Effectiveness of utilizing the WHO safe childbirth checklist on improving essential childbirth practices and maternal and perinatal outcome: A systematic review and meta-analysis

Lemi Belay Tolu ,Wondimu Gudu Jeldu, Garumma Tolu Feyissa

Abstract

Introduction

The World Health Organization (WHO) Safe Childbirth Checklist (SCC) is a 29-item checklist based on essential childbirth practices to help health-care workers to deliver consistently high quality maternal and perinatal care. The Checklist was intended to reduce maternal and perinatal mortality and address the primary cause of maternal death, intrapartum stillbirth, and early neonatal death. The objective of this review was to locate international literature reporting on the effectiveness of utilizing the WHO safe childbirth checklist on improving essential childbirth practices, early neonatal death, stillbirth, maternal mortality, and morbidity.

Methods

We searched MEDLINE, google scholar, Cochrane Central Register of Controlled Trials (CENTRAL), met-Register of Controlled Trials (m-RCT) (www.controlled-trials.com), ClinicalTrials.gov (www.clinicaltrials.gov) and the WHO International Clinical Trials Registry Platform (ICTRP) (www.who.int/stop/search/en) to retrieve all available comparative studieshttp://www.opengrey.eu/ published in English after 2008. Two reviewers did study selection, critical appraisal, and data extraction independently. We did a random or fixed-effect meta-analysis to pool studies together and effect estimates were expressed as an odds ratio. Quality of evidence for major outcomes was assessed using the Grading of Recommendations, Assessment, development, and evaluation(GRADE).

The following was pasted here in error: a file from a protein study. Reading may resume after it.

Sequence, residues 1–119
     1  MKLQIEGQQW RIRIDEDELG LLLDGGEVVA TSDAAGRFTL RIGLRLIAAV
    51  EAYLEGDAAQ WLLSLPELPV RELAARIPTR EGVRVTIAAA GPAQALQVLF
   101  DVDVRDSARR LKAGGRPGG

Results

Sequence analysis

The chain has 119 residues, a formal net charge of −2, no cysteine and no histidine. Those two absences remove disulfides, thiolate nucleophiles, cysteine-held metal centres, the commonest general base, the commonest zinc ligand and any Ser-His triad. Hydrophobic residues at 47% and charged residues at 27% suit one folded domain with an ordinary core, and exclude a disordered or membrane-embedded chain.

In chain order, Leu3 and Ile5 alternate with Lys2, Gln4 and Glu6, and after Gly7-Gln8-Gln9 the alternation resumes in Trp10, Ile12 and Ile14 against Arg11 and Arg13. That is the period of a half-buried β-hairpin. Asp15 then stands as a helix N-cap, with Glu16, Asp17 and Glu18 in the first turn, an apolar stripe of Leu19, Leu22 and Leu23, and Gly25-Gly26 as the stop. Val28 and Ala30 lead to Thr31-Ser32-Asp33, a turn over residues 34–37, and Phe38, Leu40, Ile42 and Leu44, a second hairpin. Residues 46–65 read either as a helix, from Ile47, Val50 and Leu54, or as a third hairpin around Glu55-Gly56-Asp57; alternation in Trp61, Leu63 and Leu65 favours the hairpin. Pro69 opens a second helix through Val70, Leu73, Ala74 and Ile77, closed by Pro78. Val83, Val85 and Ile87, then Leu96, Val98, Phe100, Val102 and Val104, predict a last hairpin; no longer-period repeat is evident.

Results

We retained three cluster randomized trials and six pre-and-post intervention studies reporting on WHO SCC’s. The WHO SCC utilization improved quality of preeclampsia management(moderate quality of evidence) (OR = 7.05 [95% CI 2.34–21.29]), maternal infection management(moderate quality of evidence) (OR = 7.29[95%CI 2.29–23.27]), Partograph utilization(moderate quality of evidence) (OR = 3.81 [95% 1.72–8.43]), postpartum counselling(low quality of evidence) (RR = 132.51[95% 49.27–356.36]) and still birth(moderate quality of evidence) (OR = 0.92[95% CI 0.87–0.96]). However, the utilization of the checklist had no impact on early neonatal death (very low quality of evidence) (OR = 1.07[95%CI [1.01–1.13]) and maternal death (low quality of evidence) (OR = 1.06[95% CI 0.77–1.45]).

Conclusions

Moderate quality of evidence indicates that WHO SCC utilization is effective in reducing stillbirth and Improving preeclampsia management, maternal infection management and partograph utilization Low quality of evidence indicates that WHO SCC is effective in enhancing postpartum danger sign counseling. Low and very low quality of evidence suggests that WHO SCC has no impact on maternal and early neonatal death, respectively.

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